Flat iron: Looks like an old-fashioned flat iron. The Flat Iron Steak is well-marbled, tender, and juicy. It is widely considered to be second only to a tenderloin in terms of tenderness while additional marbling gives the Flat Iron a more hearty “beef flavor” at about half the cost.
Recommended Cooking: Grill or Pan-Sear. Best when prepared medium-rare to medium, as cooking past medium temperature will cause the meat to become tough. Excellent on the grill. They’re great marinated, but the strong flavor makes it nonessential. Flavor lightly with salt and pepper and serve with sauce on the side.
Strip steak: Moderately tender with a tight texture and grain. Not quite as much marbling as a Rib Eye, but with no large pockets of fat, the Strip Steak is easier to cook, and also easier to eat. The Strip Steak is a favorite of both restaurants and at-home cooks!
Recommended Cooking: Pan-Sear, Grill or Broil. Less fat than a Rib Eye makes the Strip Steak an easier cut to grill, with fewer flare-ups and less burning.
T bone: Two cuts in one steak. The T-Bone is a combination of a Tenderloin (Filet) and Strip Steak separated by a “T” shaped bone. A typical T-Bone has a fairly small piece of tenderloin, between ½” and 1 ½” wide. If the cut is made further down, and the section of tenderloin is more than 1 ½” wide, it then becomes a Porterhouse Steak.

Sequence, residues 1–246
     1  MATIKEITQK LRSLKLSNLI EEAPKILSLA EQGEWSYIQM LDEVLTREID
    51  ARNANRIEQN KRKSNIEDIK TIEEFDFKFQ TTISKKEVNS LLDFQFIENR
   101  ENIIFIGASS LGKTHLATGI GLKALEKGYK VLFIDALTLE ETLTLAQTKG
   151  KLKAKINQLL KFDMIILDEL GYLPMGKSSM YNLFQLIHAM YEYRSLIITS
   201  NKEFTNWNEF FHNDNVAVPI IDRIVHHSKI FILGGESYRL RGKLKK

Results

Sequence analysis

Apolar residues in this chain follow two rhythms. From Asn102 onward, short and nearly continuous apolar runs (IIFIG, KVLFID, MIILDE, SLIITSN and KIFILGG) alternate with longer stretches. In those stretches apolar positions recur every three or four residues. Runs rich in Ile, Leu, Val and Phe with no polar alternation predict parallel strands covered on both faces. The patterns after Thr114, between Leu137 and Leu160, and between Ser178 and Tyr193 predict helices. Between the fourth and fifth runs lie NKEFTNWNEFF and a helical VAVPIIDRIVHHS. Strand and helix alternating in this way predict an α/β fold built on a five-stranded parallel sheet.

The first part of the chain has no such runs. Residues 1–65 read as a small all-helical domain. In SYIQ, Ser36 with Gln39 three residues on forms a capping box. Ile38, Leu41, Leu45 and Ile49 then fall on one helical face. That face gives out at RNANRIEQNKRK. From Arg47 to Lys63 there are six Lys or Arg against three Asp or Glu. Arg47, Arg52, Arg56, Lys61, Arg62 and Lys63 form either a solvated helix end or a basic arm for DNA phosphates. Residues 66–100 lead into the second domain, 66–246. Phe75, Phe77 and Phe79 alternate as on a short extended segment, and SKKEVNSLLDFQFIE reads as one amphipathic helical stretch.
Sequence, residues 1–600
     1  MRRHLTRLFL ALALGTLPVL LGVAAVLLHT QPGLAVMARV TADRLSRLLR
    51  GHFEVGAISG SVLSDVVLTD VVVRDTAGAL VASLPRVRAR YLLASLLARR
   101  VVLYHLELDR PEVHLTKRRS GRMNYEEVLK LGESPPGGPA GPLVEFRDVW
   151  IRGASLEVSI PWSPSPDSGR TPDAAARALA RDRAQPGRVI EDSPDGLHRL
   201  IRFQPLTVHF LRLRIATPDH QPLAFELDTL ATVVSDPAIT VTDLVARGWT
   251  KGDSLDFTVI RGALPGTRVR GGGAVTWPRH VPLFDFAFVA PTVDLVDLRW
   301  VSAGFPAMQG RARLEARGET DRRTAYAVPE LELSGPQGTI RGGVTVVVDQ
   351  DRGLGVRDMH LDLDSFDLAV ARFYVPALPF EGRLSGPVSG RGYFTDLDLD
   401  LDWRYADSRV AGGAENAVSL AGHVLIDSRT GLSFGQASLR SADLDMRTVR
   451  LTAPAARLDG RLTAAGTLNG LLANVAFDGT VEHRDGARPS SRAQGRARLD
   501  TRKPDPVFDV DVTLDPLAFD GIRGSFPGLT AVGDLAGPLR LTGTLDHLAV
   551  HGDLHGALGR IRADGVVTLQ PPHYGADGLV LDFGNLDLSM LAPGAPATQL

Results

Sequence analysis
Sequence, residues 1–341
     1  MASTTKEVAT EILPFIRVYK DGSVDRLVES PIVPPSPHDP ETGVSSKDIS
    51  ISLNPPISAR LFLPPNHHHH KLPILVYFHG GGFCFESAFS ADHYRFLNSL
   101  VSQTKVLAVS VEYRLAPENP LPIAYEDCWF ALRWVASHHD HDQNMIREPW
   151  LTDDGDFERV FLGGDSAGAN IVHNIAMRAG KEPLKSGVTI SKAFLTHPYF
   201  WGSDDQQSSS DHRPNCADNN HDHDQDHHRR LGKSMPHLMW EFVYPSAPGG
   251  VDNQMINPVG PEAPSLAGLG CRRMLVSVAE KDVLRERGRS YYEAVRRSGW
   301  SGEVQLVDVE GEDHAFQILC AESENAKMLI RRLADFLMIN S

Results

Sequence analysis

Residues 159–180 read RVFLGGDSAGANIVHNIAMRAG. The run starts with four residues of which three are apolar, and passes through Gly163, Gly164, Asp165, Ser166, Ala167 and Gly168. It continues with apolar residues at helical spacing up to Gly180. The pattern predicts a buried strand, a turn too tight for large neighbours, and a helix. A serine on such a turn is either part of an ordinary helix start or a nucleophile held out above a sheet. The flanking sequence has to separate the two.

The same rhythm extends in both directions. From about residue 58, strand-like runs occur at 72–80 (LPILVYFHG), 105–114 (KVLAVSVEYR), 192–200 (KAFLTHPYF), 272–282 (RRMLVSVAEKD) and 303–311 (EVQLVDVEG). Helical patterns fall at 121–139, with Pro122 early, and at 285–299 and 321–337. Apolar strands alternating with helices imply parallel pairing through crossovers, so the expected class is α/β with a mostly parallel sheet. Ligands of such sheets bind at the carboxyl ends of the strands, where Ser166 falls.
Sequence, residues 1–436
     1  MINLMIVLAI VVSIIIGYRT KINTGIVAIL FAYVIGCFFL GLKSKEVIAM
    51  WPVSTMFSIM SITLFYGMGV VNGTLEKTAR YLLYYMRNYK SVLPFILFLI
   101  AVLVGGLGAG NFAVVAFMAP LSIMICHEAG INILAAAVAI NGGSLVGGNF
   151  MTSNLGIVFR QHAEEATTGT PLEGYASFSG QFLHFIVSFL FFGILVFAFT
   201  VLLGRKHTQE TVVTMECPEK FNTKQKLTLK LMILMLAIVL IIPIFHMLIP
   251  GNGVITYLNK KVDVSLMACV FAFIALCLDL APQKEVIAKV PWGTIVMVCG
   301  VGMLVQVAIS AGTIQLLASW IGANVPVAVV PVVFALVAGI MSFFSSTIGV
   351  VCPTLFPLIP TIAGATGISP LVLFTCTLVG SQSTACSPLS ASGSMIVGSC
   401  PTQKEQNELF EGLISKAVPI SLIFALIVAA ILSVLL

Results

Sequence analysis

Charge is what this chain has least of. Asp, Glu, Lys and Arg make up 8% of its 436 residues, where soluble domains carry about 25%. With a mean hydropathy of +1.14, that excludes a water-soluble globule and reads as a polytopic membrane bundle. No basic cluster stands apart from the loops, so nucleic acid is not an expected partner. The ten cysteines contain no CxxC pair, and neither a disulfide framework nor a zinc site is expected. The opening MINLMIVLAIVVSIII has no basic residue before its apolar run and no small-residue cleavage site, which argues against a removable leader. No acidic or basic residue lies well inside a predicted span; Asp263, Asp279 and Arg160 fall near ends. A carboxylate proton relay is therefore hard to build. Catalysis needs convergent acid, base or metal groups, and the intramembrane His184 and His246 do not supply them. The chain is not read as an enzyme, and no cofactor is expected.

Recommended Cooking: Grill or Broil. Pan-searing is difficult due to the shape of the bone which prevents the meat from making good contact with the pan surface. In addition, cooking T-Bones can be difficult because the different cuts of meat cook at different speeds – The Tenderloin will cook much faster than the Strip section. To fix this, make sure that when cooking, you place the tenderloin section further away from the heat source, allowing for more consistent “done-ness” throughout.
Shoulder Steak for London Broil: While you might hear the term London Broil used to refer to a cut of beef, it’s actually a cooking technique. Shoulder Steak is a cut of beef typically used to make London Broil. This tender cut takes very well to rubs and marinades.
Recommended Cooking: Broil or Grill. Marinate the meat overnight to make it tender. Then, broil or grill the steak on high heat for 3-5 minutes per side. Cut it across the grain into thin strips. It can also be cooked rare and served cold or at room temperature at a later time.
Rump Tip Steak: Also known as a bottom round roast, a Rump Tip Steak is a lean and economical cut of beef. This cut has little fat, making it a little less tender. This steak is full of flavor and the fat is easily removed.
Recommended Cooking: Braise, Stir-Fry or Grill. Rump becomes tender when it’s either braised on low heat slowly or marinated for several hours or overnight. After marinating, it can be sliced for stir-frying or grilled.
Flank Steak: A cut that is relatively long and flat, Flank Steak is served in slices. This flavorful, lean, boneless steak is typically cut across the grain to increase its tenderness.
Recommended Cooking: Grill or Pan-Fry. Flank steak can be simply grilled with salt, pepper and oil for a few minutes per side or pan-fried. Marinate it to make it more tender.